Medicine · Random

Of professional beghairati and medical jokes

The majority of the population feels a certain sort of disgust about bodily functions that is totally absent from the fraction of us who are in medicine. My first inkling of this was when a classmate told me about how her cousins had freaked out when she happened to mention the consistency of her diarrhoea to them (watery, brown in colour, 5 episodes).  They had apparently been rather vociferous in their declamation of their disgust, because my friend was actually pretty confused and hurt.

“I mean, we talk about this all the time.  I didn’t realise that they’d react that way. Yaar hum log kitnay ajeeb hain.”

I'm important!

I reassured her about our non-ajeebness and then promptly forgot about it.  That is, until yesterday, when I excitedly texted a non-medical friend about a case I’d seen, without realising how weird it must have seemed to him.  The conversation went something like this:

Fy: I’m home today!
Sh: Great. Does that mean you’ll be free tonight? 😉
Fy: haha
Sh: 😛 i saw a guy in the clinic today with balls swollen to the size of a watermelon.  He had a disease called elephantiasis.
Fy: U saw his balls?
Fy: Lmao!
Sh: Uh yes.  And the consultants kept making dick jokes and I just stood there trying not to laugh
Fy: He consultants or she?
Sh: Male consultants na.
Sh: It was so big man, his dick wasn’t even there, it was part of his giant balls.
Fy: Ewwww.
Sh:[realising about the graphicness, trying to justify it] uh well general surgery is mostly ew stuff.  Balls, asses, intestines, hernias. Rarely other stuff.
Fy:Lol. Keep it up!

Uh, when I said giant balls, I actually meant these.

Later embarassment aside, I’m glad I had this conversation.  It reminded me that not everyone is interested in discussing giant balls (even though they should be – it was such a rare interesting case!).  It also cautioned me from mentioning this story to another non-medical person – like my mother, for instance.  I have a habit of discussing interesting cases with her, even though she doesn’t understand all of it. But she was grossed out enough by my description of hemorrhoid ligation banding – giant balls would just be too much 😛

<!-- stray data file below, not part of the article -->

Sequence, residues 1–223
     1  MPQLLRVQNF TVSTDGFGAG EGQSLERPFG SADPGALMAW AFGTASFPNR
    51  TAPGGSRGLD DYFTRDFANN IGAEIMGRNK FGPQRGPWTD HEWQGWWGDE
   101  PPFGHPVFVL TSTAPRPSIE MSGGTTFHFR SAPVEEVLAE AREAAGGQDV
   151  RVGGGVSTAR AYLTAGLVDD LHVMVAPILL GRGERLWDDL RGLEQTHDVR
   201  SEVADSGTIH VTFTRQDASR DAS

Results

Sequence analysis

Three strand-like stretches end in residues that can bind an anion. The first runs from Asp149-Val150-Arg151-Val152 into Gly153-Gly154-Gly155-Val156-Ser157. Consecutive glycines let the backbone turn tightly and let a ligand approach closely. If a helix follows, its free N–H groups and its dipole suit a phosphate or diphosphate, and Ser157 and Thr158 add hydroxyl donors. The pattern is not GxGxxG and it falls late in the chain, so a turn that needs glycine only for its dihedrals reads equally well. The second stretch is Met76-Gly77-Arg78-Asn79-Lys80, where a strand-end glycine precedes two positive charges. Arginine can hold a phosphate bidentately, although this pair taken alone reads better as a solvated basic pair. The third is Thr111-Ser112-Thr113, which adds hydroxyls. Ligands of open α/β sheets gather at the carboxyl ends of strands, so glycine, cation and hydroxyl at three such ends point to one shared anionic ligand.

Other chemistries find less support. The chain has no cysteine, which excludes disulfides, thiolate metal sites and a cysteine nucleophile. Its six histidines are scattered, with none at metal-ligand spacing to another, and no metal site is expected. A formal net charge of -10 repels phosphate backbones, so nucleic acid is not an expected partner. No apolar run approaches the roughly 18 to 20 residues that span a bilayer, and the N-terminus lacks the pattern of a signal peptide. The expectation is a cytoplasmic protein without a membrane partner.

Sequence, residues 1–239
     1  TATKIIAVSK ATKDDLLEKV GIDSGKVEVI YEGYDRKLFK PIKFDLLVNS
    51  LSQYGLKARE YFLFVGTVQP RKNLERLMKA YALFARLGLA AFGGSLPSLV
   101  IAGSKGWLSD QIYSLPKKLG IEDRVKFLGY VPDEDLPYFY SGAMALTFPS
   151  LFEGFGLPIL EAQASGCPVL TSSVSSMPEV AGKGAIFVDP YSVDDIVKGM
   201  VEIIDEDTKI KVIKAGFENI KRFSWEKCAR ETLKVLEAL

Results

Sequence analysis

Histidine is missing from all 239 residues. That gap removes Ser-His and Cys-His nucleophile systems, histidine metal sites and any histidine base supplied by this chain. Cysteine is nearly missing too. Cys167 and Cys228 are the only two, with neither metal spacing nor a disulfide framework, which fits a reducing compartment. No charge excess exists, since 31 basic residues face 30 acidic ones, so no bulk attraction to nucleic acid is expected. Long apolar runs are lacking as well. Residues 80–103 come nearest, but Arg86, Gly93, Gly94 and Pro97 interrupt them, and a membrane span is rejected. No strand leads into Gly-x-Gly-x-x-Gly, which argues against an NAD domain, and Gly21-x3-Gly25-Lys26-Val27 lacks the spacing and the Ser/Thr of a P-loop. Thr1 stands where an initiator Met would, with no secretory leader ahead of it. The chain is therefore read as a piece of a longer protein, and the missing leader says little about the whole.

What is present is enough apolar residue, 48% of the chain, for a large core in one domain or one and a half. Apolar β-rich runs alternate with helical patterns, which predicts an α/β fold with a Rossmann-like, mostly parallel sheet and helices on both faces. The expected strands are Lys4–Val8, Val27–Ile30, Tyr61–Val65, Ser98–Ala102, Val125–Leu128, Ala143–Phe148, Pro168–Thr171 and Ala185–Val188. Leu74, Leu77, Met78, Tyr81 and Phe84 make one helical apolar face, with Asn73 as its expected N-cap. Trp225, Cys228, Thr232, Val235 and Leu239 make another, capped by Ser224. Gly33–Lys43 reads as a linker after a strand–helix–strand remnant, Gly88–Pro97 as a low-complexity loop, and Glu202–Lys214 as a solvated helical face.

Of course we weren’t always this beghairat.  I remember sitting outside waiting for my car one day in first year, and listening to a senior in the Ob/Gyn rotation telling her group about this lactating woman’s breast discharges in a loud voice and perfectly comfortably, though the group had a lot of guys in it too.  Professionalism aside, I was still rather scandalised.  I hope we’re not going to discuss things like that so openly, I thought.

and touch 'those things' only with gloves.

That was until this year, when KK told our group a popular joke about the couple who came to fam med for infertility issues and were found to be ‘doing it wrong’. In a group of seven, with three of those guys.  And while we were all laughing, it didn’t even occur to me how much and how easily I’d lost all that shame.

Laughing is another issue.  While I suppose there are crude jokes in every profession, in medicine they seem to abound.  And the funny thing is in a mixed gathering one is often unsure of how to respond.  Do you admit to understanding and laugh?  Do you admit to understanding and put on a disapproving expression? Do you refuse to admit to understanding and simply look boggled?  With one’s friends you can often laugh, but in a clinic setting and with the consultant it can get rather uncomfy.